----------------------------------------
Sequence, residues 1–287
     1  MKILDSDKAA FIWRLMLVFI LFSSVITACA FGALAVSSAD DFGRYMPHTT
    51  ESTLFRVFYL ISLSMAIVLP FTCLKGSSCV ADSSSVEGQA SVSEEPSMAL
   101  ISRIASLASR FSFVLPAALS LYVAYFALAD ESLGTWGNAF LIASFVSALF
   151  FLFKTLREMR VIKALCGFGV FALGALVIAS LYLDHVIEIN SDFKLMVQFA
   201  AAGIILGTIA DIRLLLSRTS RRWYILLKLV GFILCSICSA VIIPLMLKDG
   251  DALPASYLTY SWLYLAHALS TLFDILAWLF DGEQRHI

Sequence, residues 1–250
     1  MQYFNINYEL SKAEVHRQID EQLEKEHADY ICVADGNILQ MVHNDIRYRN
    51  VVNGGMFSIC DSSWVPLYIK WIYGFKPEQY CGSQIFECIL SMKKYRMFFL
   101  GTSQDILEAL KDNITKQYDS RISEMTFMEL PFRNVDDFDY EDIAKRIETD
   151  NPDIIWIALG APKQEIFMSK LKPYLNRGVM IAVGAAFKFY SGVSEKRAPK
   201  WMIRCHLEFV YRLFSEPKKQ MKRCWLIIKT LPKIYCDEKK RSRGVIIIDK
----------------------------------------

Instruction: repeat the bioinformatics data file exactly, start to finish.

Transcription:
Sequence, residues 1–287
     1  MKILDSDKAA FIWRLMLVFI LFSSVITACA FGALAVSSAD DFGRYMPHTT
    51  ESTLFRVFYL ISLSMAIVLP FTCLKGSSCV ADSSSVEGQA SVSEEPSMAL
   101  ISRIASLASR FSFVLPAALS LYVAYFALAD ESLGTWGNAF LIASFVSALF
   151  FLFKTLREMR VIKALCGFGV FALGALVIAS LYLDHVIEIN SDFKLMVQFA
   201  AAGIILGTIA DIRLLLSRTS RRWYILLKLV GFILCSICSA VIIPLMLKDG
   251  DALPASYLTY SWLYLAHALS TLFDILAWLF DGEQRHI

Sequence, residues 1–250
     1  MQYFNINYEL SKAEVHRQID EQLEKEHADY ICVADGNILQ MVHNDIRYRN
    51  VVNGGMFSIC DSSWVPLYIK WIYGFKPEQY CGSQIFECIL SMKKYRMFFL
   101  GTSQDILEAL KDNITKQYDS RISEMTFMEL PFRNVDDFDY EDIAKRIETD
   151  NPDIIWIALG APKQEIFMSK LKPYLNRGVM IAVGAAFKFY SGVSEKRAPK
   201  WMIRCHLEFV YRLFSEPKKQ MKRCWLIIKT LPKIYCDEKK RSRGVIIIDK